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Klaus had expected colours to be muted, but they were sharply vibrant instead. Blue sky, silver clouds, the bright gold of wheat stems nodding above the shallow ditch, an opaque red stain spreading into the fist-deep water where he lay.

He stared up, at a jarring angle, toward the breeze-bent stalks that flickered between shadow and rich afternoon sun. Their colour was the same as Dorian's hair, by lamplight.

Klaus remembered running his fingers through that silken mass, as Dorian made love to him for the first and last time in their lives. Remembered whispering endearments mixed with tears and curses, as he made love to his best friend, Best Man, and nemesis -- knowing, as Dorian did not, that it _was_ the last time.

And why.

Dorian was not the only secret Klaus had brought to his wedding-day.


Somewhere back in the wheatfield, where his overturned and bombed-out Jeep had exploded behind him, the fire spread through dry grass. Faint crackling sounds and an intermittent whiff of smoke told Klaus the flames raced in his direction. No wonder none of the damned traitors had come to finish him off. The fire was between him and them.

G and the other Alphabets had reached the helicopter and were long gone. His agents were on their own, now, and he had no doubts about their ability to survive. He'd drawn off pursuit, to buy them time.

Shouts carried toward him on the breeze. Something about water, and threats, and about taking him alive.

Fat chance!

The Jeep had thrown him clear of the explosion, but a bullet had caught him as he tried to leap the ditch. Klaus remembered a flood of agony, a crunching sensation in his back as he hit the ditch sideways, then --

No more weak, rasping ache in his lungs.

No pain at all.

He couldn't move his head, but his eyes tracked down to look at his left hand, splayed limply in the red mud next to his face. The wedding ring still glowed there, pure and fair and stern. Just as it had all the six months since Adelinda had placed it on his ring-finger.

What kind of irresponsible fool was he, that he felt only relief at leaving behind a woman five months pregnant with his son and heir? From their first night together, she had known he couldn't love her as she deserved. But there had been a friendship beginning there, sprung from marvel. Of all the stupid shallow cows his father might have chosen -- Adelinda had a brain, logical and brave as any agent he'd ever known.

His child would have a good mother.

"You shouldn't push yourself so hard," she'd said just a few days before. She knew about the cancer in his lungs. It wasn't common knowledge at NATO, though Klaus was certain his Section Chief knew.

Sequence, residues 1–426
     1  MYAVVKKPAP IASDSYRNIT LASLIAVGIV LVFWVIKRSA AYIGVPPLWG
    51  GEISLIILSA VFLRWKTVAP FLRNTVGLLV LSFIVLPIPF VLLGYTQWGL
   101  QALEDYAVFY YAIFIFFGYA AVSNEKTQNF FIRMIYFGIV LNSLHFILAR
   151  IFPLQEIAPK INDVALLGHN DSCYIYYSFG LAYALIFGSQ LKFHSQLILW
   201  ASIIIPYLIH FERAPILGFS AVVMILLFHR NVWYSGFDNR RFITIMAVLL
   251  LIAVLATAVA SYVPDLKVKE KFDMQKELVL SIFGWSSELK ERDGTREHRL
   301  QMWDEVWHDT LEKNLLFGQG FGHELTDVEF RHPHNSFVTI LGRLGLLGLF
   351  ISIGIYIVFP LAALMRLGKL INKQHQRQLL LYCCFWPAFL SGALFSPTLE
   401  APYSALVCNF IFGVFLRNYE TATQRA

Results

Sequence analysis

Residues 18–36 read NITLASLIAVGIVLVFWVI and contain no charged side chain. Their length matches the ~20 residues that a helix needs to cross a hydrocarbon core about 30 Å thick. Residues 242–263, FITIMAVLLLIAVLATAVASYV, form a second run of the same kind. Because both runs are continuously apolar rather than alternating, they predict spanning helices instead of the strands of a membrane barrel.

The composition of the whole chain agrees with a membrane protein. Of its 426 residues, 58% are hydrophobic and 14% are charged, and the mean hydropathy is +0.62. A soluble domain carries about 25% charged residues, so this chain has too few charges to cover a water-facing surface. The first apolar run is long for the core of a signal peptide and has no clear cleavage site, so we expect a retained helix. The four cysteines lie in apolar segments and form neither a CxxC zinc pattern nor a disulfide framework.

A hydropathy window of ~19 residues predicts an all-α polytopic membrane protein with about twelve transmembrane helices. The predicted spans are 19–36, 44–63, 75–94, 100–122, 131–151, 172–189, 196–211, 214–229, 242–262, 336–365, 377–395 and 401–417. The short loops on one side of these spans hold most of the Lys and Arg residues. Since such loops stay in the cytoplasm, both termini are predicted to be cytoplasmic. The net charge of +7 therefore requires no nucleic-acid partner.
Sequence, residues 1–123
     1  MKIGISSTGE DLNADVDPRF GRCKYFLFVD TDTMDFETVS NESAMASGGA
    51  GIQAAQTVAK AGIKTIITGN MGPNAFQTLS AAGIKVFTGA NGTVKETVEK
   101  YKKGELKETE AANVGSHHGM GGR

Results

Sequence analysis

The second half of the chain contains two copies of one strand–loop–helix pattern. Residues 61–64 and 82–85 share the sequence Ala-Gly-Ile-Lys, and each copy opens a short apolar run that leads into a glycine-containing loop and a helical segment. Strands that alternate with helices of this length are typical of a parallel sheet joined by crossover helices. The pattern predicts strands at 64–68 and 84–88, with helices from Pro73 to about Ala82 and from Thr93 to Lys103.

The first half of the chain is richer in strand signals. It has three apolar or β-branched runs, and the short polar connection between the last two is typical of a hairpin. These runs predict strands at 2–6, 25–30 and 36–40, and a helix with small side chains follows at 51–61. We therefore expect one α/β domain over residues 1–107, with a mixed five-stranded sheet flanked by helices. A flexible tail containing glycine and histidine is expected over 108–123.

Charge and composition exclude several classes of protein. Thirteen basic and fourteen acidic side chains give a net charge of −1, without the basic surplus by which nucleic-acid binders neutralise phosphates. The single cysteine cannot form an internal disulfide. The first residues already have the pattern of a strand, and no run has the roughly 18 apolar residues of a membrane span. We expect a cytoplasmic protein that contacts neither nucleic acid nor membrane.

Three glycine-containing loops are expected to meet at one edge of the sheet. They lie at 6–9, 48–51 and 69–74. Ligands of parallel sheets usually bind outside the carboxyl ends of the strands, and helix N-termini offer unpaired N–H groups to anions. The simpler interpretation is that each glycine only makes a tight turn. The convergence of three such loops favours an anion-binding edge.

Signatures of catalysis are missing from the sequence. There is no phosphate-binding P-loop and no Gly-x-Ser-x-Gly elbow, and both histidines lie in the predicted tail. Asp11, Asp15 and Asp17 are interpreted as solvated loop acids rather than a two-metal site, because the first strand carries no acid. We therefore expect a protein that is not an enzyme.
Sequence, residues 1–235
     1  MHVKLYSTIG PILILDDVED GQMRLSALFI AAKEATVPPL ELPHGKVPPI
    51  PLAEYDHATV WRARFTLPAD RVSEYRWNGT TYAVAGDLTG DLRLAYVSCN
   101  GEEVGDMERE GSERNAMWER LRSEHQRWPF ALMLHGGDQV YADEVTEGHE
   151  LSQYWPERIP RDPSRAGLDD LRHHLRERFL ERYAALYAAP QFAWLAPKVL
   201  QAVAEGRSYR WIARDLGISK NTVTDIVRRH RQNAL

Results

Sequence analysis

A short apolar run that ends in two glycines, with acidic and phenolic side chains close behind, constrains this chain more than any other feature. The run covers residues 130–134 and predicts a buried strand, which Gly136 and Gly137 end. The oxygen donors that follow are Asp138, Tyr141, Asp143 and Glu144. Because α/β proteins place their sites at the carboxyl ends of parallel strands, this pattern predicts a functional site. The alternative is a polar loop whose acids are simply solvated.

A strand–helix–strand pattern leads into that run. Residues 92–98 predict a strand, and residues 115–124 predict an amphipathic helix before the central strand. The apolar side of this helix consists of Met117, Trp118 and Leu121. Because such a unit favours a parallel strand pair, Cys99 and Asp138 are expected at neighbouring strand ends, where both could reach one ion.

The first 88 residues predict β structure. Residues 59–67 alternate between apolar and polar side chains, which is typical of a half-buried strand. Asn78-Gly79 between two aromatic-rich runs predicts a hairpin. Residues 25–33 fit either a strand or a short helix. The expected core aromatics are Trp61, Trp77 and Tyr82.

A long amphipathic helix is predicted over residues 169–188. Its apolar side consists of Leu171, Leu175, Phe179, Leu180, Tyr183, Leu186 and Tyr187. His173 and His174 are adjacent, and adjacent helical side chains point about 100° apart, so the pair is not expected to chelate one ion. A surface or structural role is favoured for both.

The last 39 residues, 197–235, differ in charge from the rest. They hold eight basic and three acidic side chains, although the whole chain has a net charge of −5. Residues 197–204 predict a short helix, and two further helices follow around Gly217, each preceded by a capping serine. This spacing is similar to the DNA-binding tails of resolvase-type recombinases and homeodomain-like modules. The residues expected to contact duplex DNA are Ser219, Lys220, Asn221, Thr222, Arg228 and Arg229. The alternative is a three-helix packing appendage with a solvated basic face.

"One last mission, before they put me out to pasture," he'd told her, surprising both of them by kissing her forehead.

That was the first moment he'd known, from the look she gave him, that he wasn't coming back to her. And that she knew it, understood it, and forgave him. Words were unnecessary, and he surprised them both again, by kissing her on the lips.

"Go," she'd said, and turned her swollen but still-elegant body away, hands folded protectively over the new life within.


Klaus didn't know what he'd meant to do after the mission: check into some private clinic to await the inevitable, drive off a cliff somewhere, or seek out Dorian.

He hadn't told Dorian about the cancer that had sped up the timetable of marriage and breeding. It would only have hurt the man worse. Given Dorian the chance to fuss and coddle, daydream and anguish. Dragged into a long farewell what should be a quick, simple passing from day into night.

Not that Klaus would have disliked a few months of coddling and fussing, even knowing the scars they'd leave on Dorian's soul later.

Daydreams. He had a dying man's sudden whim of how it should have gone, without the cancer, in a different life. Married, respectable, happy. Sheltering his wife from her oppressive family, supporting her own goals that had never known approval or financial backing. Loving Dorian as he pleased. For Dorian, discreetly, would have been as much a part of that family as the rest. As much as if Klaus now wore a ring with three names graven inside it, instead of two.

_My family_, Klaus thought, holding that image in mind. It was a good thought, even if it was just foolish fantasy. He felt grateful that the choices had all been taken from him, then guilty at his cowardice, then simply tired.

The smoke was thicker now, threading grey into the brilliant blue of the sky, tendrils of grey snaking between
the wheat stems. A crackling sound, like radio static, filled the breeze –- or maybe the sound was all in his head, the waxing and waning of his ragged pulse.

More smoke blew down into the ditch, a heavy pall scented like all the autumns he'd known in childhood: burning fields, scorching leaves, bright flame searing away the debris of summer and harvest. Making the world pure again, for winter.

His dogtags wouldn't burn. Nor the ring with its identifying inscription: his name, and Adelinda's, and the date of their marriage.

The Alphabets wouldn't leave him for long. They'd be back with reinforcements within the hour. Grass burned hot, yet fast. There was a chance he wouldn't be touched at all. That he might live through this, if he was careful to hoard lungfuls of clean air.

Smiling at his own habitual reflex toward survival at any cost, Klaus breathed deep of the thickening smoke.

It wasn't tobacco. But it would do, for the moment.